Full Thickness Local Excision of Large Rectal Tumour Using A Megawindows
36 Millimetres Circular Stapler
Pierpaolo Sileri*, Luana Franceschilli, Ilaria Capuano, Marilena Raniolo and Achille L Gaspari
Department of Experimental Medicine and Surgery, University of Rome Tor Vergata, Rome, Italy
*Corresponding author: Pierpaolo Sileri, Cattedra Chirurgia Generale, Policlinico Tor Vergata, 6B Viale Oxford 81, 00133, Rome, Italy, Tel: +393339137249; Fax:
+390620902927; E-mail: [email protected]
Received date: Jun 06, 2014, Accepted date: July 29, 2014, Published date: Aug 02, 2014
Copyright: © 2014 Sileri P, et al. This is an open-access article distributed under the terms of the Creative Commons Attribution License, which permits unrestricted
use, distribution, and reproduction in any medium, provided the original author and source are credited.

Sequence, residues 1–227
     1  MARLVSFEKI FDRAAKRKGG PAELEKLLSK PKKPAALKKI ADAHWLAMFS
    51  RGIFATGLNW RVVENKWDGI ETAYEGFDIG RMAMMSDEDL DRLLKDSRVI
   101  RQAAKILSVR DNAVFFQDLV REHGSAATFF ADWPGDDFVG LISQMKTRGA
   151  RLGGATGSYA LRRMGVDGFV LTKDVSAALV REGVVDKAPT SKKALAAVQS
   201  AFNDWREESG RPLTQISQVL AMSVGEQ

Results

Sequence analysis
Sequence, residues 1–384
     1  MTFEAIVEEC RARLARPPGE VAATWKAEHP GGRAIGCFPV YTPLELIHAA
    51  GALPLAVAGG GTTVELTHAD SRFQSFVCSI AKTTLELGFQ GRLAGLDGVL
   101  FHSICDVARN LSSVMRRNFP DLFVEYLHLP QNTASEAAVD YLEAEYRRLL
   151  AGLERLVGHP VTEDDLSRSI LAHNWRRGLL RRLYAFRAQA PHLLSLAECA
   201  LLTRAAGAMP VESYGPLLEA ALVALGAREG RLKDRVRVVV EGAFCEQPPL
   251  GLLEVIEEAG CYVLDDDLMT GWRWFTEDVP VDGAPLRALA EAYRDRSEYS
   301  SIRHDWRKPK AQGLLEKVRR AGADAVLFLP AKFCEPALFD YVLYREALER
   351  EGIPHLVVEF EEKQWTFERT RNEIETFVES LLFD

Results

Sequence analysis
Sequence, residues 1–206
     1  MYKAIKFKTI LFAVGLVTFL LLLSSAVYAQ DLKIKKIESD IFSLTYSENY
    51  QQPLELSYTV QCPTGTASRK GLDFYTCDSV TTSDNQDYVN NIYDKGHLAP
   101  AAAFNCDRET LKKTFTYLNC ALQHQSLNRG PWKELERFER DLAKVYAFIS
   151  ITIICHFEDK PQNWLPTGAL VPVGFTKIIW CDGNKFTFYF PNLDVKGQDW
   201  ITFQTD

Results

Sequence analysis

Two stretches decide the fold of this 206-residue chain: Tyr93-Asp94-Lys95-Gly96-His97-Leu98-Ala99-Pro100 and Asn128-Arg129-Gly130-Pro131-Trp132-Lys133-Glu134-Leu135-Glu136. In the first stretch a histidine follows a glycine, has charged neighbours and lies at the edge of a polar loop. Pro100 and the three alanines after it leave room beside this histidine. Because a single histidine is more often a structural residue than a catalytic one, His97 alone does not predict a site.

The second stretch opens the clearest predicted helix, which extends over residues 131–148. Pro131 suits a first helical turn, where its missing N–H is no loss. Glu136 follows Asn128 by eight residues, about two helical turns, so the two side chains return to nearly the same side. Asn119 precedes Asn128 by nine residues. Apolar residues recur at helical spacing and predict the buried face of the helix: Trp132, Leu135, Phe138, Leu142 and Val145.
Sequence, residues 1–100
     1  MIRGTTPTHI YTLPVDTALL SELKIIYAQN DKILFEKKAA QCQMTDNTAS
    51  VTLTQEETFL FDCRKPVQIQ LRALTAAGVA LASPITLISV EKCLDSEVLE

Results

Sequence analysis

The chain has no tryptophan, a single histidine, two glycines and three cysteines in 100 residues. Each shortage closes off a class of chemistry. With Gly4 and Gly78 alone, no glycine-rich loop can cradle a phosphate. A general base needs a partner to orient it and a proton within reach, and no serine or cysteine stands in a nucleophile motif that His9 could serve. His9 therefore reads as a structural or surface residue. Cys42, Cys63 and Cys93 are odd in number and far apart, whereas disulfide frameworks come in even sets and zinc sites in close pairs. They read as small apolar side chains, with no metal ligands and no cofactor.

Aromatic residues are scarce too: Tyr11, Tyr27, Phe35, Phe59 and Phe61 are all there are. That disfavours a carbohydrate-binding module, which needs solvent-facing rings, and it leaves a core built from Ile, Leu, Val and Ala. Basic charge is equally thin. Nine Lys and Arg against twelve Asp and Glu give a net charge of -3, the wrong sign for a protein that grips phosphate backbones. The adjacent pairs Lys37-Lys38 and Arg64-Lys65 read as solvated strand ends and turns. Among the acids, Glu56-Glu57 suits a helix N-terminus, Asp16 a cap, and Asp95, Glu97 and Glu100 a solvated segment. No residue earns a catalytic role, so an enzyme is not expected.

Colorectal adenomas are frequent in the western countries. The
estimated lifetime risk is approximately 40% . One third of these
lesions will develop in the rectum and about 10% will become
malignant . Moreover, the widespread of colorectal cancer
screening will necessarily lead to increased detection of adenomas and
early rectal cancer. Therefore, more rectal lesions will probably
undergo endoscopic or surgical management in the next years.
The presence or absence of malignant cells in a lesion can be
diagnosed only after complete excision (total biopsy) and the
incidence of unexpected invasive carcinoma after polyp removal can
be as high as 20% .
Adenomatous rectal lesions not endoscopically removable (large,